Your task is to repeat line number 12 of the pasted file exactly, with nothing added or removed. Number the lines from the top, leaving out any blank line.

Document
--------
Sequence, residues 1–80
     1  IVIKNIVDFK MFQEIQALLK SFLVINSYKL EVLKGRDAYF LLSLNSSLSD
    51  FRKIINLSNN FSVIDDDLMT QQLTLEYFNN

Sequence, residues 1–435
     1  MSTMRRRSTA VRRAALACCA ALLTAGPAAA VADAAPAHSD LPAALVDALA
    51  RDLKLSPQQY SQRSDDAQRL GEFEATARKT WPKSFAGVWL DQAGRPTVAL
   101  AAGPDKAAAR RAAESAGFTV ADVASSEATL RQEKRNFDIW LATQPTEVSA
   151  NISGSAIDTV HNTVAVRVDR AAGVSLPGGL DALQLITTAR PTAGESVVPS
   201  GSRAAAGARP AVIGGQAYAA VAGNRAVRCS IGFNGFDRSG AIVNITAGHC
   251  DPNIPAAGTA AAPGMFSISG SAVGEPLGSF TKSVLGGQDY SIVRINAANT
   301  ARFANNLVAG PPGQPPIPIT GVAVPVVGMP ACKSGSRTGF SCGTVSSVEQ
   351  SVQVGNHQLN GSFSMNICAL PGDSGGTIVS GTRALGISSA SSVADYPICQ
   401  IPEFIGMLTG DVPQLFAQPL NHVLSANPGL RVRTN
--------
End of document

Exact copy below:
   351  SVQVGNHQLN GSFSMNICAL PGDSGGTIVS GTRALGISSA SSVADYPICQ